There are conflicting views on what makes someone succeed. Talent? Hard work? Smart work? The book completely debunk the importance of talent - and puts forward a lot of evidence to support this claim. Every “natural talent” out there put in tons of hours to get to the point where people believed they had special abilities.
Further, the authors argue that you have to work both hard and smart if you want to do something remarkable. 10 000 hours can make you good, but it’s only 10 000 hours of deliberate practice that make you great.
The concept of deliberate practice was first introduced to me in the book Grit - which overlaps a lot with Peak. But where Grit mostly focuses on effort and not giving up, Peak is all about the importance of deliberate practice. Translated: if you really want to excel at something, it’s not enough to just show up. When you show up, you also have to spend your time wisely.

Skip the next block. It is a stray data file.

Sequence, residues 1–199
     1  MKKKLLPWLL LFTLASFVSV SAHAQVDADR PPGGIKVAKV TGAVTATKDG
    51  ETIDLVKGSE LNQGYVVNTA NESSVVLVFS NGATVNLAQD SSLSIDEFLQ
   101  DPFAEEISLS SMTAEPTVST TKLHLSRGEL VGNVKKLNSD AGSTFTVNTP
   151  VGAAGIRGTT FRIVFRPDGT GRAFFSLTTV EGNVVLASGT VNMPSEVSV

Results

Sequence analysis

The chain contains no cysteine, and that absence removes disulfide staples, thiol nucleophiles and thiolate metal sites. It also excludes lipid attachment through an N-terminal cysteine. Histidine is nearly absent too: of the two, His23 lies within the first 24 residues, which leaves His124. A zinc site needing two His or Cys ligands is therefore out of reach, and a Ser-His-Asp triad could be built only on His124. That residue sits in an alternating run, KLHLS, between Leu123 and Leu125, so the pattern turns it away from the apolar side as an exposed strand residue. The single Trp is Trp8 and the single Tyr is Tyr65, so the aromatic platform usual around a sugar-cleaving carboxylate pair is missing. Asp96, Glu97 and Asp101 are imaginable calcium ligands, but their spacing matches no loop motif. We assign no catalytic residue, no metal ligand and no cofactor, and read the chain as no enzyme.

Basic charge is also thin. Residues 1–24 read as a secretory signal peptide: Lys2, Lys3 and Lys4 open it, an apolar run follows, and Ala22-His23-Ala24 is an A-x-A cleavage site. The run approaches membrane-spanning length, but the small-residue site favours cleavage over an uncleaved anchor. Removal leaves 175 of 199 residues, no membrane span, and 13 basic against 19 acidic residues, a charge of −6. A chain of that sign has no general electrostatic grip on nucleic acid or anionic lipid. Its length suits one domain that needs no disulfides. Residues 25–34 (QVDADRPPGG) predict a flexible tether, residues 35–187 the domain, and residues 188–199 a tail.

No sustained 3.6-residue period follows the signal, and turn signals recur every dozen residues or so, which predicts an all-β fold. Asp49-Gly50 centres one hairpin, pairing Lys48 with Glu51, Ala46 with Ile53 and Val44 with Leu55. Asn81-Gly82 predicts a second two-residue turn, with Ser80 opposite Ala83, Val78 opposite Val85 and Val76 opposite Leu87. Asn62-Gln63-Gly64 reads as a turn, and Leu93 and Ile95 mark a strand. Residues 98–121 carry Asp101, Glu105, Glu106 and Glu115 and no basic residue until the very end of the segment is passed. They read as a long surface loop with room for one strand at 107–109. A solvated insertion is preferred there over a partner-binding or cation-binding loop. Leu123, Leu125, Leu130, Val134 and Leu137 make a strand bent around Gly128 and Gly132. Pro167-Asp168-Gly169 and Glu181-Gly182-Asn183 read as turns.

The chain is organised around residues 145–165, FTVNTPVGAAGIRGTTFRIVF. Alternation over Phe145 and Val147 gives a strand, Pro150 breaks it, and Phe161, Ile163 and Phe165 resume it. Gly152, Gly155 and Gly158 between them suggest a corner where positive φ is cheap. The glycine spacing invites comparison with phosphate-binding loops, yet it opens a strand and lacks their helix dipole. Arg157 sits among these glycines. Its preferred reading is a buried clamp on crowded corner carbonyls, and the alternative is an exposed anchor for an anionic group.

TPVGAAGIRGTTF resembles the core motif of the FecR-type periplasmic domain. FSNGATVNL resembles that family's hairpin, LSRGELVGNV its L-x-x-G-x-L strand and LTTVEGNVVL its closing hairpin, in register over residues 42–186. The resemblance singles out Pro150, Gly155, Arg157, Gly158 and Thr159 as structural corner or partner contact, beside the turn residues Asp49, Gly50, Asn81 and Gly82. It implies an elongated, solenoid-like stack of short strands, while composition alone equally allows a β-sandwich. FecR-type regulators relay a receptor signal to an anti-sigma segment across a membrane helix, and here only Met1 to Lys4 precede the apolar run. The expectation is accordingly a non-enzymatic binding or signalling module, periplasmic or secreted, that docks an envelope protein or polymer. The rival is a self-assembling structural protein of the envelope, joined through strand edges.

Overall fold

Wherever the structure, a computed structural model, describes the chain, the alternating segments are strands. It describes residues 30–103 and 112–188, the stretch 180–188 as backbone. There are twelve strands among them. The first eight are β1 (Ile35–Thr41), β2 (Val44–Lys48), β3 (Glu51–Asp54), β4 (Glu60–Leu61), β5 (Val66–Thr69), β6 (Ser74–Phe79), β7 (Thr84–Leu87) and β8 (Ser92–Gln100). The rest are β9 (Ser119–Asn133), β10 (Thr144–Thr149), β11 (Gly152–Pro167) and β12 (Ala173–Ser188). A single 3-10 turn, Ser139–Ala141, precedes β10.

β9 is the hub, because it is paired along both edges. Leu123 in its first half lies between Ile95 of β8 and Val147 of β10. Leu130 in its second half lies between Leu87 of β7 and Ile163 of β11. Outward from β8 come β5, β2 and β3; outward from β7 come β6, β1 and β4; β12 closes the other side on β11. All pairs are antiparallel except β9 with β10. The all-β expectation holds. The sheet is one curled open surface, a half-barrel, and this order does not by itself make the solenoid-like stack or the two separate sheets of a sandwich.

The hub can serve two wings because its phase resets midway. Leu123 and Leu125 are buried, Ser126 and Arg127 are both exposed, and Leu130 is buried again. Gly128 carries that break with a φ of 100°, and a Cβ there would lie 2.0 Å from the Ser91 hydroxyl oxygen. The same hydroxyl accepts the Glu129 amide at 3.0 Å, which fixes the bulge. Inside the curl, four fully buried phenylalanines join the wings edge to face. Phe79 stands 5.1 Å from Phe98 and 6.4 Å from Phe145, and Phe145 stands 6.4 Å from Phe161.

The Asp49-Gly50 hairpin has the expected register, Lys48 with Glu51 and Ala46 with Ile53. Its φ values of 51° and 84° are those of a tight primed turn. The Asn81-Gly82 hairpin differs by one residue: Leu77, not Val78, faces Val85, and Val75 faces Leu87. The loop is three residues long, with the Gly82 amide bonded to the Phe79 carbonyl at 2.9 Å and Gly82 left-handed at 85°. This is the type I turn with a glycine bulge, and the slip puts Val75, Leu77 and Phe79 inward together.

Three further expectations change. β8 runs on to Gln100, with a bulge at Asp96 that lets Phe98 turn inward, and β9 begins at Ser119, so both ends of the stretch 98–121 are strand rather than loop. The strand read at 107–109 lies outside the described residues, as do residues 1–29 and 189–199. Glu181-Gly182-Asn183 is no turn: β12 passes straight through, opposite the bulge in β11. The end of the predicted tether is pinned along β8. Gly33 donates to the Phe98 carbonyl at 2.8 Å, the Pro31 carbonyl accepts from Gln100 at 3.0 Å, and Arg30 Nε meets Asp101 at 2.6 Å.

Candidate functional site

Deliberate practice means having something measurable to work towards. This could be anything from a 400 metres lap-time to a certain number of chess moves. Without something to measure your performance up against, you won’t see progress - and then stagnation is just around the corner. The book describes the concept deliberate practice in detail, and strongly argues for its importance. It serves as a good reminder that while showing up is necessary, it’s not sufficient alone.
I really enjoyed the book (listened to it as an audiobook), and it’s one I will recommend to others.